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Pakistan Uses Militant-Tracking Tech To Hunt Virus

The program, widely touted by Prime Minister Imran Khan, allows authorities to monitor the whereabouts of coronavirus patients and suspected cases -- and to listen in on their phone calls.
The program, widely touted by Prime Minister Imran Khan, allows authorities to monitor the whereabouts of coronavirus patients and suspected cases -- and to listen in on their phone calls.

Pakistan's intelligence services are deploying secretive surveillance technology normally used to locate militants to instead track coronavirus patients and the people they come into contact with.

In a program publicly touted by Prime Minister Imran Khan, the government has turned to the powerful Inter-Services Intelligence agency (ISI) for help in tackling the virus, which is still spreading at an accelerating rate across Pakistan.

Details about the project have not been released, but two officials told AFP that intelligence services are using geo-fencing and phone-monitoring systems that ordinarily are employed to hunt high-value targets including homegrown and foreign militants.

A lack of awareness, stigma, and fear have contributed to some people with symptoms not seeking treatment or even fleeing hospitals, while others who've had contact with virus patients have flouted self-isolation rules.

Speaking on condition of anonymity, a senior security official told AFP that agencies are now "quite effectively" using the technology to track coronavirus cases.

"The government has been successful in tracing even those who tested positive but went into hiding," the security official said.

Geo-fencing, a discreet tracking system that alerts authorities when someone leaves a specific geographic area, has helped officials monitor neighborhoods on lockdown.

Authorities are also listening in to the calls of COVID-19 patients to monitor whether their contacts are talking about having symptoms.

"The trace-and-track system basically helps us track the mobile phones of corona patients as well as anyone they get in touch with before of after their disappearance," an intelligence official said.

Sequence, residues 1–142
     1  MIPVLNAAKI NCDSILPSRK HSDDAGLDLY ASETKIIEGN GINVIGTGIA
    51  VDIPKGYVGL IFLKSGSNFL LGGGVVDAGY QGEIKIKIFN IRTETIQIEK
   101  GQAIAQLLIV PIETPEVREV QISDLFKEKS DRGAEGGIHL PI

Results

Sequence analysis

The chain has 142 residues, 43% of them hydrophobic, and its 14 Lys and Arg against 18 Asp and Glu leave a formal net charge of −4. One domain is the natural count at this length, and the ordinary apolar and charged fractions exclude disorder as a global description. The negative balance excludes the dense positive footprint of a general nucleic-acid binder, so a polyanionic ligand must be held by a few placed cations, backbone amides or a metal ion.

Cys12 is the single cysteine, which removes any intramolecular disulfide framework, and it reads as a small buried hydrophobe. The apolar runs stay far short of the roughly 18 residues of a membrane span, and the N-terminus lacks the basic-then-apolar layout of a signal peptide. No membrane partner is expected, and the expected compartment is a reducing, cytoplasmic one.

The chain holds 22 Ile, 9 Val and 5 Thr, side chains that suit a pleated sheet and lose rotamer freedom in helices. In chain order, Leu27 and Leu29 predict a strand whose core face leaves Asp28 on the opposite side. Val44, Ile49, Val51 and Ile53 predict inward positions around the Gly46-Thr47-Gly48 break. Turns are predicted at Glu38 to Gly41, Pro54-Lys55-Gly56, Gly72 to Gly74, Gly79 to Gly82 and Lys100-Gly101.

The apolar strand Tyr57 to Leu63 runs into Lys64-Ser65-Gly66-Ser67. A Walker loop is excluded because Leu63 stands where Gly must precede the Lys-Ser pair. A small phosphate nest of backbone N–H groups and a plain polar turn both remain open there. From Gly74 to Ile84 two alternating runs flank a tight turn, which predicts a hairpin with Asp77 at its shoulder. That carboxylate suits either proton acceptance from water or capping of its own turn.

Khan recently praised the program, which has come up against little public debate or scrutiny over its use in the virus fight.

"It was originally used against terrorism, but now it has come in useful against the coronavirus," he said.

Nearly 60,000 people in Pakistan have tested positive for the disease and more than 1,200 patients have died.

But with testing still limited, officials worry the true numbers are much higher.

Pakistan's intelligence services and military hold vast sway over many aspects of cultural and political life, with the United States and India accusing Islamabad of backing insurgents fighting in Kashmir and Afghanistan -- claims denied by officials.

Rights groups worry authorities might abuse their sweeping surveillance powers to trace political dissidents.

Leading rights activist and ex-senator Afrasiab Khattak told AFP that involving the ISI would spread unnecessary fear among the population.

"The task of tracking and tracing the patients and suspected cases should be dealt with by provincial governments and local communities. Let intelligence agencies do their actual job," he said.

Countries across the world have employed track-and-trace methods to control the virus's spread, raising privacy concerns.

Israel's intelligence services have been using counter-terrorism technology, including tracking mobile phones, prompting the Supreme Court to raise privacy concerns.

In Pakistan, authorities struggled to present a cohesive national strategy to control the coronavirus. Khan was reluctant to call for a sweeping lockdown, arguing the impoverished country could not afford it.

He also largely caved to pressure from Pakistan's powerful religious lobby, which pushed back against the closure of mosques.

Many Pakistanis have simply ignored provincial lockdown orders and Khan has allowed businesses to reopen in phases, citing the economic impact on daily wage earners.